ISBN: 978-0252078743
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Cultural Studies, Literary Criticism, Film Studies, Horror Studies, Gothic Studies

Eighteenth-century critics believed Gothic fiction would inspire deviant sexuality, instill heretical beliefs, and encourage antisocial violence--this book puts these beliefs to the test. After examining the assumptions behind critics' fears, it considers nineteenth-century concerns about sexual deviance, showing how _Frankenstein_, _Dr. Jekyll and Mr. Hyde_, _Dorian Gray_, and other works helped construct homosexuality as a pathological, dangerous phenomenon. It then turns to television and film, particularly _Buffy the Vampire Slayer_ and David DeCoteau's direct-to-video movies, to trace Gothicized sexuality's lasting impact. Moving to heretical beliefs, _Gothic Realities_ surveys ghost stories from Dickens's _A Christmas Carol_ to _Poltergeist_, articulating the relationships between fiction and the "real" supernatural. Finally, it considers connections between Gothic horror and real-world violence, especially the tragedies at Columbine and Virginia Tech.

ISBN: 978-0786448357
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Short Fiction Anthology, Horror, Science Fiction, Fantasy, Crime Thriller, Comedy, Fairy Tale

Reimagine the fairy tales of your youth through nine of the most creative authors writing today! See Rose Red and Snow White through the eyes of Jason S. Walters in an intriguing new telling of the age old tale. Feel the bone-chilling "Kindertotenlieder" by horror writer L. Andrew Cooper. Have you wondered what happens "After Ever?" Experience a vision from the brilliant writing of William I. Levy. Come back to reality for a moment in a crime thriller by Christopher Kokoski that will leave you in awe, scratching the "Hair of Your Chinny-Chin-Chin." The Ugly Duckling will never look quite the same after reading "Free to Be Donnie Kinnaird" by the astonishing Michael Williams. The Big Bad Wolf comes alive in the Brad Parnell's "The Girl in the Red Hood." Go on the adventure of Hans and Grace through the unique styling of Georgia L. Jones. Wish yourself into another dimension with "Genie in the Bottle" by Bryan and Wendy Schardein. These boots are made for walking into an unusual realm in the graceful musings of "Puss in Boots" by G. L. Giles. Whether your favorite is a fairy tale by Robert Browning, the Grimm Brothers, Giovanni Francesco Straparola, or Hans Christian Andersen, you are sure to have your imagination run wild with each story in _Imagination Reimagined_.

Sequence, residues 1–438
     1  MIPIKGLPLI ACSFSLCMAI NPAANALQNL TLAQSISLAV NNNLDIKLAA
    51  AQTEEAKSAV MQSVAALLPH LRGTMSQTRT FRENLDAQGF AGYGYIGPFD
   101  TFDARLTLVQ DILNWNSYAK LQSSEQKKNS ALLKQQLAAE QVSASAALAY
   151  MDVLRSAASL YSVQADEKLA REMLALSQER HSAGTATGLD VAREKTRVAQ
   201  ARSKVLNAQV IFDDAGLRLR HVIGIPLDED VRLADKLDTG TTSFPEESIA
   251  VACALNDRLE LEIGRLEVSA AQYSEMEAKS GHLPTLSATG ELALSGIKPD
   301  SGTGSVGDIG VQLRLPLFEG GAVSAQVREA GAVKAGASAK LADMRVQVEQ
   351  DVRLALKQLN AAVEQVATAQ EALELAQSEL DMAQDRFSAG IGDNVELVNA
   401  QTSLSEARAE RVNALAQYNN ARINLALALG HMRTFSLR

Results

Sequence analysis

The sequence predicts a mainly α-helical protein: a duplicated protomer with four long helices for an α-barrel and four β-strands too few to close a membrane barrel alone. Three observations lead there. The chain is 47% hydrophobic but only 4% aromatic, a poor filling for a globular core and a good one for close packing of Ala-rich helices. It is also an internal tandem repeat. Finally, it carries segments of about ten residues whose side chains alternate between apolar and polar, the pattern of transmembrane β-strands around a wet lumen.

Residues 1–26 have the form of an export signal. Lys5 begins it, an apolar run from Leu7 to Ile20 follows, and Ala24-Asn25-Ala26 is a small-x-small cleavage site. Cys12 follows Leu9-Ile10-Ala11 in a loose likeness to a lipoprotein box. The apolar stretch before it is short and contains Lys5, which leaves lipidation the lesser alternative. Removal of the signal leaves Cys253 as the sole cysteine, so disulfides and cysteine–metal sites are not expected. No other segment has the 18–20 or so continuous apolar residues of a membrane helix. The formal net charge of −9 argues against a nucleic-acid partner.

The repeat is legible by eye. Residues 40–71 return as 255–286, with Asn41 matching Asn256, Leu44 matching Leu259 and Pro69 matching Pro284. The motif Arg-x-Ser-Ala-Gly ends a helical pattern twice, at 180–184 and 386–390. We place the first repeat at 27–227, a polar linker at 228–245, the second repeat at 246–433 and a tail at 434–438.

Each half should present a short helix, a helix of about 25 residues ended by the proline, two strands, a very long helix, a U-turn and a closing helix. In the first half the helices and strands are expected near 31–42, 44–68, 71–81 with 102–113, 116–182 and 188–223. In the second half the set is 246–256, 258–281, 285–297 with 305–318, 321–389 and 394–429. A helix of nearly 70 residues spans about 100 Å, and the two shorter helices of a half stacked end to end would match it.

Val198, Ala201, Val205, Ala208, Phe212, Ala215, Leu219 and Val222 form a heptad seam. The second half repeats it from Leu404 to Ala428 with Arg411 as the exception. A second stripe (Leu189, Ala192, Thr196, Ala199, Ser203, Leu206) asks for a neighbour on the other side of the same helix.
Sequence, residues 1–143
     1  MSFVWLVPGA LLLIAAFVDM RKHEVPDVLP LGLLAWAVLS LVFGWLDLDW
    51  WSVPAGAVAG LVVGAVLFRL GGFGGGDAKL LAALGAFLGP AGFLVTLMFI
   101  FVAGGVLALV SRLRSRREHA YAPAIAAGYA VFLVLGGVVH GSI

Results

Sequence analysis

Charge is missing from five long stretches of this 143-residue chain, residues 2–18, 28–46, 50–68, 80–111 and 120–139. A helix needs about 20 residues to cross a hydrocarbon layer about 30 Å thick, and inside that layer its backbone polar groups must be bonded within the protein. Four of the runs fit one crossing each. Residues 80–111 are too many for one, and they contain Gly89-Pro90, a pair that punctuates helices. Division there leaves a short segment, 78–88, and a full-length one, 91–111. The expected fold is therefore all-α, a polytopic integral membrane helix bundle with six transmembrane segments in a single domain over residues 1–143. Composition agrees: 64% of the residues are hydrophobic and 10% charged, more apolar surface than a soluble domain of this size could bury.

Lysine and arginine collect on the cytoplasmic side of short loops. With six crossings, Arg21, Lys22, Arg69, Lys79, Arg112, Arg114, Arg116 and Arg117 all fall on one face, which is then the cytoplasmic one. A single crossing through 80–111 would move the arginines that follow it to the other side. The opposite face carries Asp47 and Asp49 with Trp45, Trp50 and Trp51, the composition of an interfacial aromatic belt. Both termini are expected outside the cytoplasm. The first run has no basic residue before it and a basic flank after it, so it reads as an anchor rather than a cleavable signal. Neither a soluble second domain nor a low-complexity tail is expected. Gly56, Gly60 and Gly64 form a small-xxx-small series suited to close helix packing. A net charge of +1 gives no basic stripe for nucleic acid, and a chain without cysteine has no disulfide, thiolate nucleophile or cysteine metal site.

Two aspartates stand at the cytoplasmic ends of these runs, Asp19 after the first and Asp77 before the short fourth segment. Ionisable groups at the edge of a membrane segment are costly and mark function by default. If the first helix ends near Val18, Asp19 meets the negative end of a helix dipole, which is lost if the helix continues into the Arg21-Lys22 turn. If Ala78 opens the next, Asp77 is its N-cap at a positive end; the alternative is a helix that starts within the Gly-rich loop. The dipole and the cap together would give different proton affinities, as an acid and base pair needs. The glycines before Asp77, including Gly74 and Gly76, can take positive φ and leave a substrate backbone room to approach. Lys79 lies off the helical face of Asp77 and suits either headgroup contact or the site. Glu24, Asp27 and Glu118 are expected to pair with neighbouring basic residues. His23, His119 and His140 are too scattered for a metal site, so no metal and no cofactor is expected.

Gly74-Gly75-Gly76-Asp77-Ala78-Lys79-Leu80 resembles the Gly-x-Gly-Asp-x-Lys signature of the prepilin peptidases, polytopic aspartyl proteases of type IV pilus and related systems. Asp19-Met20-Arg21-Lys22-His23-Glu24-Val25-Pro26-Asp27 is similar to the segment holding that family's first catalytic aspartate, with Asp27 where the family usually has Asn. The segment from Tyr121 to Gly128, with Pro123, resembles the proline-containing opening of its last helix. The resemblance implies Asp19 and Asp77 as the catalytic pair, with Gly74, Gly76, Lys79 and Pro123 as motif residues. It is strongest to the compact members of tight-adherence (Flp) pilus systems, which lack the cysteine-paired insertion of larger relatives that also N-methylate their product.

ISBN: 978-1613181638
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Short Fiction Collection, Horror, Dark Fantasy, Conspiracy

LEAPING AT THORNS arranges 15 of L. Andrew Cooper's unpublished, experimental short horror stories into a "triptych" of themes--complicity, entrapment, and conspiracy--elements that run throughout the collection. The stories span from the emotionally-centered and violence-mild "Last Move," about a mother and son whose cross-country move might be complicated by a haunted U-Move truck, to the almost unthinkably horrific "Charlie Mirren and His Mother," also about a mother and son, but their lives take a turn that might be traumatic for readers as well. While "Worm Would" offers a psychosexual fantasia on the sheer grossness that is a flatworm, "Tapestry" uses absurd, sometimes comic violence to take Jessica, the young professional protagonist, into a political nightmare. The absurd reaches dark extremes in "Lachrymosa," a story of almost pure hallucination, and stretches back toward the comic in the brain-and-tongue-twister "Heart on a Stick." The "conspiracy" panel of the triptych, from "The Fate of Doctor Fincher" to "The Special One," is a series of standalone stories that each adds important details to the fictional world and grand scheme of Dr. Allen Fincher, who also lurks in the background of Cooper's novels BURNING THE MIDDLE GROUND and DESCENDING LINES.

ISBN: 1613181663
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Horror Anthology, Composition Textbook, College Reader

It's under the bed; it's in the closet. It's the thing in the basement, but it's also the thing in the mirror, hot breath on the back of your neck, cold eyes staring at you with loathing and hunger. The monster sometimes inspires heroes: a community's bravest members rise up and defend people's livelihoods against an indescribable threat. But in the dead of night, when no one can hear, even a hero might admit that a monster inspires one thing more than any other: fear.

ISBN: 978-1598714838
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Fiction, literature, thriller, conspiracy

A realistically-grounded thriller about race and paranoia in the American South that builds from a misunderstanding in an office setting into what could turn into a race war in the city of Atlanta.

Friday Fiction Episode 9: Burning the Middle Ground by L. Andrew Cooper